Letting go has also been a part of my growth at the City Mission. After returning from Peru, I hoped that my work at the City Mission would reflect the exhilaration I felt doing art therapy in Peru - my passions meeting a critical need.

I felt that I had paid my dues and it was time to do ministry on my terms. While I joyfully embraced the various opportunities I had in Peru, I was anxious to have some “real” responsibility.

I wanted to make some decisions, to counsel women, to teach, to make a lasting impact on the lives of women in Schenectady. I thought I was prepared to take on more challenges and to really make a difference.

I think the desire to make a difference is often a driving factor in our desire to serve others. We want to make a positive change in someone else’s life or to at least provide an answer to another’s question. And there is no doubt that this in a noble and valid intention.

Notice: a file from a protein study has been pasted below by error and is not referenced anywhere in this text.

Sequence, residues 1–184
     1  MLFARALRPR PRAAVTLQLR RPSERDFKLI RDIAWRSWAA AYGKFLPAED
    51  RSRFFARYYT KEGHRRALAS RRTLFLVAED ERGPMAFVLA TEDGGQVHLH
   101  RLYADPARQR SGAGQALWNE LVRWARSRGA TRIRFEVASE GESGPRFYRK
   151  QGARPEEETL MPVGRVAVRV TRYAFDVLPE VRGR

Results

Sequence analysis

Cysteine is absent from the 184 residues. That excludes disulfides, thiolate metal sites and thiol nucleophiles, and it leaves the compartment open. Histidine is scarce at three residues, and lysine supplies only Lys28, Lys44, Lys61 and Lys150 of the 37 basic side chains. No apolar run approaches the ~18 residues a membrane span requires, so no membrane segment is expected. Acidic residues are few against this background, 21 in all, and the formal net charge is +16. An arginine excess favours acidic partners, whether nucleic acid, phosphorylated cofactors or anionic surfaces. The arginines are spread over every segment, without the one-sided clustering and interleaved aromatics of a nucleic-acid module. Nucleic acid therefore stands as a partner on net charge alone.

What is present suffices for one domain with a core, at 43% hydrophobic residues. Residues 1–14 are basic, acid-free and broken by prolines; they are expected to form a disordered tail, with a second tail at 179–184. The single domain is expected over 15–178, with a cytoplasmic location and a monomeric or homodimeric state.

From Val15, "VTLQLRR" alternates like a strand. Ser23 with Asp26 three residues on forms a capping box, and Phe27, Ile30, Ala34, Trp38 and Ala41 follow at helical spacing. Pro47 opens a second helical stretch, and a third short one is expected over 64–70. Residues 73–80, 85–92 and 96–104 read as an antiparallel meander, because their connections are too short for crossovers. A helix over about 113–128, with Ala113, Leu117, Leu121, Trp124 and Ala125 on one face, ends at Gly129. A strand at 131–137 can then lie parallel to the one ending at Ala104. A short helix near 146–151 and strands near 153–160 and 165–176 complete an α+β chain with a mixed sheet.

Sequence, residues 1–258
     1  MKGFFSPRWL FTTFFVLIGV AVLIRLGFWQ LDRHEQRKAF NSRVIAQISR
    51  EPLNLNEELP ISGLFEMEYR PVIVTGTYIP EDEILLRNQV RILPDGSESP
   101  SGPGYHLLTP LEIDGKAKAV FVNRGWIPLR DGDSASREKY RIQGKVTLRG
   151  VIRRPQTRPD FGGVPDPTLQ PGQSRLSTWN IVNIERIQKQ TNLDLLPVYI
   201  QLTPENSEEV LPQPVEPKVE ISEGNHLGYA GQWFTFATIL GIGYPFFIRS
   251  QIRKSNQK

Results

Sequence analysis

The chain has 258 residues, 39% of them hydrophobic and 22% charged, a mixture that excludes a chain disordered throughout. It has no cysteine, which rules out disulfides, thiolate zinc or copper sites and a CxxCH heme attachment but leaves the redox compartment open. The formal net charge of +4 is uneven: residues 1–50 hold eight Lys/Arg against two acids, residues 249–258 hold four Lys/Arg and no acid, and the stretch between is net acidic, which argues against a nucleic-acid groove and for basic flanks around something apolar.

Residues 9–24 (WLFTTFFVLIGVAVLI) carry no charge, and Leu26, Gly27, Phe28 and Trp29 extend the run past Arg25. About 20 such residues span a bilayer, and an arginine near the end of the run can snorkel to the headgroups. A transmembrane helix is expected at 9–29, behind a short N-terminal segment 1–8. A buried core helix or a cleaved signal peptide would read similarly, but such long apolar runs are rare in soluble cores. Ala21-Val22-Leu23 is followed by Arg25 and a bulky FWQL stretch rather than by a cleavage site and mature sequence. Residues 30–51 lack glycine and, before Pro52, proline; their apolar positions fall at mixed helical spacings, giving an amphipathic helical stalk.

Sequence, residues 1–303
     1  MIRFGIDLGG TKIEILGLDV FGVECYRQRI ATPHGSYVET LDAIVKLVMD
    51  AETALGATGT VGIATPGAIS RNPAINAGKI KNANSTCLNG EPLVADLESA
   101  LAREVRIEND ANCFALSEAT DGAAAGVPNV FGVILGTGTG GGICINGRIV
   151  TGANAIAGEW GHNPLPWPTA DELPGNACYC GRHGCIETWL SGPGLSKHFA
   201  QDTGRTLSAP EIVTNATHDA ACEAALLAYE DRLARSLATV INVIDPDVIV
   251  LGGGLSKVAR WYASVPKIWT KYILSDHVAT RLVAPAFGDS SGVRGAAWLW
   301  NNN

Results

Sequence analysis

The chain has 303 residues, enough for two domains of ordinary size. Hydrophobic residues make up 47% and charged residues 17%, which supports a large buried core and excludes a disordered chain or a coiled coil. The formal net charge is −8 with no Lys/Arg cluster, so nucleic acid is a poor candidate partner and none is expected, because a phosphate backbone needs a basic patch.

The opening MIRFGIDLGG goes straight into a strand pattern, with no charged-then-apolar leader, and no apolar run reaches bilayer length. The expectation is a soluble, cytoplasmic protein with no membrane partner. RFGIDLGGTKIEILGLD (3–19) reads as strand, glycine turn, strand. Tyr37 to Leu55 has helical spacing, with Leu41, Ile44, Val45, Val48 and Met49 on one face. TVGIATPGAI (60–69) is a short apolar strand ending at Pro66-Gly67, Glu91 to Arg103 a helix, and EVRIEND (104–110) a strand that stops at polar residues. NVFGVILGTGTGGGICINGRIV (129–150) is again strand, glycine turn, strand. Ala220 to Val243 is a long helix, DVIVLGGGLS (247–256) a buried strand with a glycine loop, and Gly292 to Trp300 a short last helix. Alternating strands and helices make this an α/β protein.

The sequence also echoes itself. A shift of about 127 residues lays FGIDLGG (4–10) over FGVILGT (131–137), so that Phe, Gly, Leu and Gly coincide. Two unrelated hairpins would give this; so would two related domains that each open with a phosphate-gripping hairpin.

However, the danger in this being the sole cause for service is that we are only satisfied when we see visible, concrete change because of our actions. As I have learned, G-d doesn’t work that way.

I believe G-d is about gradual, long-term sustainable change. And for many of us who like to see our impact in a snap-shot image, we become disenchanted when we notice that G-d’s timeline is much more subtle and elongated.

At the City Mission, we have a rather obscure volunteer opportunity called “ministry of presence.” Rather than offer a concrete task or an obvious need to fill, we invite volunteers to just “be.”

For my church, Hamilton Union, this meant coming to the community meal, not to serve dinner or wash dishes, but to sit and partake in the meal.

In this case, ministry of presence meant opening oneself to conversation with a stranger, to pull up a chair and make that initial eye contact, a gesture that can speak more loudly than Scripture and may feel more nourishing that a warm meal.